PAPANDOPULO: Concertino in modo antico. Fantasy. Lyrical Trio. Rapsodia Concertante. 3 Movements for Orlando / Amaury Coeytaux, Vanessa Szigeti, vln; Andrei Ioniţă, cel; Oliver Triendl, pno / CPO 555 106-2
It really does amaze me how many superb composers whose work I now review on a regular basis I had no idea even existed 15 years ago, the most notable being Mieczysław Weinberg and Kaikhosru Shapurji Sorabji but also such names as Erwin Schulhoff, Alexander Tansman, Hans Winterberg, Karol Rathaus, Nikolai Kapustin, Tibor Harsányi, Nikos Skalkottas, Thomas de Hartmann and our subject here, Boris Papandopulo.
Since I was not provided a booklet with this release I can’t tell you the genesis of these works or when they were written, but although they are among Papandopulo’s lighter works, not quite on the same exalted level as his Piccolo, Xylophone and Harpsichord Concerti, his Piano Concerto No. 3 or his 5 Orchestral Songs for Baritone, they still exhibit a high level of craftsmanship and merit your listening. In an earlier review, I described some of Papandopulo’s music as combining “elements of folk music—particularly its strong rhythms—with an almost Baroque style of continually fast, virtuosic passages with modern harmonies,” but in the Concertino it is only the third-movement “Tarantella” that fits that description perfectly; yet the two preceding movements have great charm and are not without some harmonic interest.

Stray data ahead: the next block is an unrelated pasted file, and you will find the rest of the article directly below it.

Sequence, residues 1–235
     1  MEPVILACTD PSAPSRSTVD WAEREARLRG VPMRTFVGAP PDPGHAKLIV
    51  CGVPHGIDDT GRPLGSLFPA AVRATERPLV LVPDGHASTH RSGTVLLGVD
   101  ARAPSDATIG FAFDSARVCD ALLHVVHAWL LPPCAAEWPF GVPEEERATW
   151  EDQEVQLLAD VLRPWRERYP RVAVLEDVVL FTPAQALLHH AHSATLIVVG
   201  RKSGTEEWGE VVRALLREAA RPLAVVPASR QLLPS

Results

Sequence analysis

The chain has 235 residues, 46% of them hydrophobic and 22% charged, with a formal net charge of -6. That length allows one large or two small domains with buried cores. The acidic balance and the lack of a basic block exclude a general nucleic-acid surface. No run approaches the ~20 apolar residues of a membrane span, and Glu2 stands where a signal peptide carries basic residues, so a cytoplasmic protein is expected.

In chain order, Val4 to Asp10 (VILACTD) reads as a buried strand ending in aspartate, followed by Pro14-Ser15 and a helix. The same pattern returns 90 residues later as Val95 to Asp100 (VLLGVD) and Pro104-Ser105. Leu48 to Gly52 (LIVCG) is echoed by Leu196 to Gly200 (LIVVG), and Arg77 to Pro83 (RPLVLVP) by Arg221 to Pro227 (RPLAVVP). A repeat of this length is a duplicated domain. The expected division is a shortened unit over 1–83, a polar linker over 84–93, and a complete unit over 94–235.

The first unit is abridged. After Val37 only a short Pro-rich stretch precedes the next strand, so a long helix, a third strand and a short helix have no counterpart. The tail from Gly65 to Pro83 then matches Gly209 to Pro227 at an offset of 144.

There is s bit more of this in the three-movement Fantasy, with the first movement showing hints of Russian influence in one of its themes. By the last movement, Papandopulo is using minor modes which gives the music a strongly Eastern flavor. The Lyrical Trio opens with a cello solo which eventually leads into a short fugue before the music develops differently. Yet interestingly, the second movement also opens with a fugue! This is some of the densest and most complex music on this CD, although the Rapsodia Concertante also opens with allusions to Middle Eastern modes and harmonies.
Our four musicians are all superb, not only with outstanding techniques but also with full emotional engagement in the music they play. I wonder, however, if violinist Vanessa Szigeti is any relation to the legendary violinist Joseph Szigeti; that’s not such a common Hungarian last name. Recommended to those who, like me, enjoy Papandopulo’s music.
—© 2021 Lynn René Bayley
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